It’s well established that about eight in 10 people in the U.S. will experience back pain at some point in their lives. And while the causes of such pain often vary, Central Oregon physical therapist Barrett Ford says increasingly, in a world that accommodates a more sedentary lifestyle, the blame for low-back pain can often be traced to an area a little lower in the kinetic chain: the hips.
“We often think that hip problems come as the result of overuse, but that’s often not the case,” said Ford, co-owner of Step & Spine Physical Therapy in Bend, Redmond and Sisters. “Oftentimes, hip problems can actually be traced to underuse.”
According to Ford, mobility and exercise (e.g., walking, running, stretching, etc.) work to more evenly distribute the forces of impact and weight through this ball-and-socket joint. As people age or find themselves living a more sedentary lifestyle from, say, sitting a lot at work, the wear and tear of the hip joint is less distributed, taking place in a smaller area within the socket.
This results in the loss of flexibility in and around the joint, which affects the hip’s backward bend – the ability of it to properly bend and twist throughout one’s normal walking or running gait.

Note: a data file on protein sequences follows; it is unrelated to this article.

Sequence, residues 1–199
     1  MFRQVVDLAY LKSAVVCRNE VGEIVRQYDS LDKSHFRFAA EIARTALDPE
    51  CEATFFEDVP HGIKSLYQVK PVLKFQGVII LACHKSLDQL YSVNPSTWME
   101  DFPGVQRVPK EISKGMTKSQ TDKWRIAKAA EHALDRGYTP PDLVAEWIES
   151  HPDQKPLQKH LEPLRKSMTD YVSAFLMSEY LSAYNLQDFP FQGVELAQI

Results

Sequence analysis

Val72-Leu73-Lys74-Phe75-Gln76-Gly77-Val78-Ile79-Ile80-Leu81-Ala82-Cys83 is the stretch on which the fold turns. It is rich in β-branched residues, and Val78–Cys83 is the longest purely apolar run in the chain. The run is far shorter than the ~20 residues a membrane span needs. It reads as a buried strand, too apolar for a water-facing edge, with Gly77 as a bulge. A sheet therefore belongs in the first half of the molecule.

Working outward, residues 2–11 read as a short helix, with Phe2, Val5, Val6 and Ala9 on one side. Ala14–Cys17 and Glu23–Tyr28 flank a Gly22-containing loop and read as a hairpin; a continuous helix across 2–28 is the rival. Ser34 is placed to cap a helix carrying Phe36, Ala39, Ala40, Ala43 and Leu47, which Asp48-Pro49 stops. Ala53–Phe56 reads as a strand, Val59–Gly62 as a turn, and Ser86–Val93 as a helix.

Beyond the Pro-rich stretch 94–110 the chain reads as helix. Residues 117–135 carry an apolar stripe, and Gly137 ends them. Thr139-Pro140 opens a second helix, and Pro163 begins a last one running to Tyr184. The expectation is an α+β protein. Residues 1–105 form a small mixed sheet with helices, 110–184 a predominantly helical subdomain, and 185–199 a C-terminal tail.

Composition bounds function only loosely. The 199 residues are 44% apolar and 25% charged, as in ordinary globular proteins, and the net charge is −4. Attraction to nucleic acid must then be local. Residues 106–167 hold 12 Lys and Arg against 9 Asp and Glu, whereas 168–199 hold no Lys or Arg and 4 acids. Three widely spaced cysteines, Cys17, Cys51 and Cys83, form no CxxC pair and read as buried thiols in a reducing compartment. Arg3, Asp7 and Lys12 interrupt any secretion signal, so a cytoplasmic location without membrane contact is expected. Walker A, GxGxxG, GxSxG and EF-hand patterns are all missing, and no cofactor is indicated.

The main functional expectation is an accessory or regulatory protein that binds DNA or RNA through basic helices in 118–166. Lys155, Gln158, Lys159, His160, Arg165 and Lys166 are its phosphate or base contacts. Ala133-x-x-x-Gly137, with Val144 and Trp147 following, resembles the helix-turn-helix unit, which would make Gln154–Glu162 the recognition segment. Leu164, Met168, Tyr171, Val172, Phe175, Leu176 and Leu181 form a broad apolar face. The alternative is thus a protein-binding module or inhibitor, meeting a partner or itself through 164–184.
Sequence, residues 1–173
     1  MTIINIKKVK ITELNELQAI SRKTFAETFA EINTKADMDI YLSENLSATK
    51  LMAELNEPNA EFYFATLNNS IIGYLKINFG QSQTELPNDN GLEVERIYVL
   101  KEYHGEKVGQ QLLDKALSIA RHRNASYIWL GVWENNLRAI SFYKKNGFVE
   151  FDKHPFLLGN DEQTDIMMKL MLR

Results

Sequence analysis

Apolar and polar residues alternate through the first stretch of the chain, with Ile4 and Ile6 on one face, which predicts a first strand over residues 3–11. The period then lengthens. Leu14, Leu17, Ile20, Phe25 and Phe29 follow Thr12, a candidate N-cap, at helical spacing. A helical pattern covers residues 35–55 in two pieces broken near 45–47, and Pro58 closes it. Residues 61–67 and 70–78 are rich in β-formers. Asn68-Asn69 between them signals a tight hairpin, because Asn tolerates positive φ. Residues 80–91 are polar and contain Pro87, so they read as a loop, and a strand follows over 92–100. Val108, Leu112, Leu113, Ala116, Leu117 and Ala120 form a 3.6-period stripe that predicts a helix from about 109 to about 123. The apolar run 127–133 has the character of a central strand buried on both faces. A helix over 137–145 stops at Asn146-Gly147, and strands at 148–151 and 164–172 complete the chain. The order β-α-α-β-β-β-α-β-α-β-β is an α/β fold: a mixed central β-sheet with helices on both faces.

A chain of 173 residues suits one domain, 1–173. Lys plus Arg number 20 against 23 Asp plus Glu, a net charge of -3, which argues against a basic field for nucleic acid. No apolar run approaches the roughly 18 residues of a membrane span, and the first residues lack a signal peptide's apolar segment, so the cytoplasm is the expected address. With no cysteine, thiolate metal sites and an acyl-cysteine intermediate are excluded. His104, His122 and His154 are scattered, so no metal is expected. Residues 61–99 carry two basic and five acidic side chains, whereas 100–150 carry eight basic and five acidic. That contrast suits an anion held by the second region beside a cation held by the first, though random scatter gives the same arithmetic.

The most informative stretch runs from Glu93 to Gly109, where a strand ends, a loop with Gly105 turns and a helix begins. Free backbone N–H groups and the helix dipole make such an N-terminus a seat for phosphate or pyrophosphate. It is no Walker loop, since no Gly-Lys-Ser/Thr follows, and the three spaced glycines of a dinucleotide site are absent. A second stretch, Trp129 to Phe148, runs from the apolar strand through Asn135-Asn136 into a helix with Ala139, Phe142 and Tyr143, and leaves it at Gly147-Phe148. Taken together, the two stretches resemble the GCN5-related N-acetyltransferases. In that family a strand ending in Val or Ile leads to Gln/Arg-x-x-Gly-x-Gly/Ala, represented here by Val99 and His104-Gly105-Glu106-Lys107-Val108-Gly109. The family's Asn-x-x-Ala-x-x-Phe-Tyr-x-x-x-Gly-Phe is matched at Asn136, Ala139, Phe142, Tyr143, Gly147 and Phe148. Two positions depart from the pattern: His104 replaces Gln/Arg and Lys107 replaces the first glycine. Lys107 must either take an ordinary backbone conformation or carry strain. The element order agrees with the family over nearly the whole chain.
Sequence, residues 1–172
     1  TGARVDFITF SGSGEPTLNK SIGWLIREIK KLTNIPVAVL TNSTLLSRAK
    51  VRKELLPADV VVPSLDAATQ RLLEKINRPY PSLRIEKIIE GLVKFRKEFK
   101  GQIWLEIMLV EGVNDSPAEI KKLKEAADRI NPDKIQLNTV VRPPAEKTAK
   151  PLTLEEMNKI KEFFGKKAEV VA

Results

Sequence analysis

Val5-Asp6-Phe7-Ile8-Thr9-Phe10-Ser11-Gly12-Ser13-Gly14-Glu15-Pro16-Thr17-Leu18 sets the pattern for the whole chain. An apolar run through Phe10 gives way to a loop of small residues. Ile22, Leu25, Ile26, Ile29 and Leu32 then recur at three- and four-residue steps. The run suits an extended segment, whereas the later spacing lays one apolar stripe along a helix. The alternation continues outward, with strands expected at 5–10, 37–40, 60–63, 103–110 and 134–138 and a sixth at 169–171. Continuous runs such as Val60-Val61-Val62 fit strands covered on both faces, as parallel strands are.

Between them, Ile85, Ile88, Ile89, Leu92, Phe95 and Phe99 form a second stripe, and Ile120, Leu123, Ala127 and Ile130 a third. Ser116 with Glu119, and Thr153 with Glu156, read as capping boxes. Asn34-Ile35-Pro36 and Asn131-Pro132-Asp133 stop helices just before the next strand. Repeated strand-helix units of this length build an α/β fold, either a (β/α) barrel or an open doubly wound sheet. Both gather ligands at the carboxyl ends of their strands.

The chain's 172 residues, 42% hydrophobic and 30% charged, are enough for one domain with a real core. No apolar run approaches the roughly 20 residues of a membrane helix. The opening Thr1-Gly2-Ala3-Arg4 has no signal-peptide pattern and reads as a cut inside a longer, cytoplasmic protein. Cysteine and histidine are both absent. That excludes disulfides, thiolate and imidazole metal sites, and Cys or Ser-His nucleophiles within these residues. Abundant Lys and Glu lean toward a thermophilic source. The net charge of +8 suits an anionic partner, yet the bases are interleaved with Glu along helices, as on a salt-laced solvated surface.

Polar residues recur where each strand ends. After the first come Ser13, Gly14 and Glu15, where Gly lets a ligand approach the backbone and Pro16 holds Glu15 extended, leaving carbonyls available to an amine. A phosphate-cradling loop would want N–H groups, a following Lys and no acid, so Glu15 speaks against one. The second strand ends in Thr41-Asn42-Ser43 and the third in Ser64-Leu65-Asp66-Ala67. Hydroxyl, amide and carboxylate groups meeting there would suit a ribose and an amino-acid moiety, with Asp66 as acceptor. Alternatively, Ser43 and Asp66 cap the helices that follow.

“Your ability to run and walk has everything to do with your ability to backward bend in the foot, ankle, calf, hammy and hips,” Ford said. “When you lose that bend and motion in the hips, that natural rotation around the pelvis gets transferred to the spine.”
Hence, tightness and inflexibility in the hips can manifest as lower back pain, Ford said.
Knowing full well, however, that underuse is sometimes difficult to avoid with long-term sitting at work or issues related to aging. However, Ford points out the walking regularly whether in your neighborhood, around the block at work, or in a local park will do wonders to keep both your hips and spine loose and moving.
Other stretches he recommends for preventing tight hips and related back pain include:
Lunges: Take a few minutes every day to lunge forward with one leg while letting your other knee drop to the floor. Keep your back straight, shoulders high, and hold. Switch to the other side.
Figure-4: Lying on your back, cross your right ankle over top of your left knee. The reach around under your left hamstring and pull your knee toward your chest, stretching out your right hip. Hold for several seconds, then switch.
Hurdle Stretch: Sitting on the ground or floor, stick your left leg straight out in front of you. At the same time, bend your right leg back behind you so your foot is tucked in back of you. Keeping your left leg straight, lean back over your right hip and hold. Switch legs and repeat.
For more information about pain and inflexibility in the back and hips, or if you have difficulty or pain when walking or jogging, contact the team at Step & Spine Physical Therapy for a movement assessment and gait analysis.